Now let’s take a look at how to keep the shoot moving, under pressure, without losing the enthusiasm of the subjects.

I arrived before dawn to get the gear unloaded. I had an assistant for carrying stuff, but not a true ‘photographic’ assistant for this gig. I was going to be moving too fast and without an assistant who knows how I work (LOL… seriously… my assistants simply have to hang on for a few months before they totally understand the manic and furious way I think and work), I would spend more time telling them what to do than doing what I had to do. A sherpa was all I needed.

Lenses: 20-35MM 2.8 L, 80-200MM 2.8 L
Speedlights: 580 EX, 430 EZ, Lumo Pro.
Studio lighting: 2 600WS ProFoto mono’s in a travel kit.
2 43″ Bounce Umbrellas Satin
2 33″ Shoot Thru Umbrellas
1 60″ Bounce Umbella (Satin)
1 36″ Zebra Umbrella
1 SuperBounce with Stand
Honl Kit (snoot, flag, grids)
Speedlight ProKit: 1 Small Box, Beauty Dish, Accessories
Shower Curtain (goes everywhere with me)
Gels for Color Correction
Additonal Gear:
Elinchrome Wireless Triggers
Cybercync Kit
4 12′ stands
Small Boom
Clamp Kit
Shoot Kit
Stand Bagger for carrying gear.

After locating and cleaning the wall, I set up the Canon 430EX in a shoot thru umbrella and did my lighting tests. We both liked the shadows as it added dimension. I like shadows… just do, so we placed the umbrella to give us a nice dramatic shadow on the wall to camera right. The shoot-thru umbrella worked well with all the white walls and the SuperBounce was brought into the shot in front of the subjects and just out of camera view. This kept some fill on them without filling in the shadows.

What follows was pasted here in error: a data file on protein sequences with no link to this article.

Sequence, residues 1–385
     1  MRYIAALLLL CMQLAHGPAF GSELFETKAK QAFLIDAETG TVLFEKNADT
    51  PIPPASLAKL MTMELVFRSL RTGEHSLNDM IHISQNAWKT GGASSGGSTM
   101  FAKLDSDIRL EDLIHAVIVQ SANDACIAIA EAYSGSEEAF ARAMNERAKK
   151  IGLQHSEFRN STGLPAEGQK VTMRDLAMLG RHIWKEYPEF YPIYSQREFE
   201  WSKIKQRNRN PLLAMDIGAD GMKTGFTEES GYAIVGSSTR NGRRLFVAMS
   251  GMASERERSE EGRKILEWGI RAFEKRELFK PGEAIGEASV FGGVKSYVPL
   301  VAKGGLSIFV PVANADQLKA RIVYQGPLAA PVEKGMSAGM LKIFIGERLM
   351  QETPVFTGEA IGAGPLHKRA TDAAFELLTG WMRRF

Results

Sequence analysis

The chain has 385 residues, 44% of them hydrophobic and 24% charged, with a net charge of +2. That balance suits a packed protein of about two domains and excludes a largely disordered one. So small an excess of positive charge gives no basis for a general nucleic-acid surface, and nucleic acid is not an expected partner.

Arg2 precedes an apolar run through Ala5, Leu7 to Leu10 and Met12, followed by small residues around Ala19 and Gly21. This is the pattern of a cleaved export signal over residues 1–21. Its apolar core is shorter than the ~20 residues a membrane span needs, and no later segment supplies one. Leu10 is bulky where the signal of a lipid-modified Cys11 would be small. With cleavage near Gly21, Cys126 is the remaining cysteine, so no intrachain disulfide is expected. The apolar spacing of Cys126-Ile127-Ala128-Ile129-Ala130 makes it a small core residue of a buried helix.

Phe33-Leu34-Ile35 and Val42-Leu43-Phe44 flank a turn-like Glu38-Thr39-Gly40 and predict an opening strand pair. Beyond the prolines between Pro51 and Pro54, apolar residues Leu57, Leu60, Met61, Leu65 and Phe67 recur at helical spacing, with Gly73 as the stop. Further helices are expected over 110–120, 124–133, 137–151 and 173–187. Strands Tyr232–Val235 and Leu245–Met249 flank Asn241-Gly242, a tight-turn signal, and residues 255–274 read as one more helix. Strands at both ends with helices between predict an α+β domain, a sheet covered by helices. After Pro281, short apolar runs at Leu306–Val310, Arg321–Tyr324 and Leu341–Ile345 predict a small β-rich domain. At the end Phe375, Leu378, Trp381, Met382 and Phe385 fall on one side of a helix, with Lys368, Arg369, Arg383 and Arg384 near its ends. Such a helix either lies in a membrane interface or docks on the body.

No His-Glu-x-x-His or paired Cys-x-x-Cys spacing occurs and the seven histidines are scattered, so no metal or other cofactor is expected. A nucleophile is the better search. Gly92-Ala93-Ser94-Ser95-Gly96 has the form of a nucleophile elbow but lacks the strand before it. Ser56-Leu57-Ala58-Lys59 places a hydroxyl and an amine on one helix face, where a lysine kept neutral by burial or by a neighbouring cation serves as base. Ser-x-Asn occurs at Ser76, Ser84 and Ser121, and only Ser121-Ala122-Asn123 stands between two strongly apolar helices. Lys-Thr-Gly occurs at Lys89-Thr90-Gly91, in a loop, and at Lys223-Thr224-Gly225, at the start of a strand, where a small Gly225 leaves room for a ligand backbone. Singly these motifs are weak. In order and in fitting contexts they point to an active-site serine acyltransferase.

Against the white wall, skin tones and colors really pop!

I like the gritty look to the images. We could have blown out the background and had them floating on white… but the shadows and the texture just felt right. These kids love this room… it is a safe haven for them. Music and friends and memories abound. I didn’t want to remove all of that and make it so sterile that it could be anywhere. I wanted the reality of the room and the light. I think a lot about this stuff when I am preparing and shooting. The choices we make as photographers are based in contextual thought.

I placed a piece of tape under the center part of the stand to keep it in the same place for each student.

EDIT: I was asked about a setup shot. I forgot that I did one, so I am adding it here. I took this setup shot just before I added the fill card so I added it in with photoshop.

I had to add the fill card in with photoshop. It is in front of the subject about 20 inches... I wanted no fill on the shadow, but a little wrap back on the face.

That was the easy part.

We had over 200 kids to shoot if possible. I was also shooting the full group shots of the different choirs. so we would return to this shoot whenever time permitted. I would have nearly no time to work with each of the kids… a few shots – 3-6 and next kid.

These kids are sometimes into it and sometimes not. The key for me is to engage them in the shoot. Make them get out of their comfort zone and lose the inhibitions of ‘people are looking at me’ and they will really perform for you. It is really fun to see what they will do.

In order to do that, I have to be a little more crazy than they are.

Keeping the kids relaxed in a hectic shoot means not letting them see you going crazy.

Just not crazy with stress.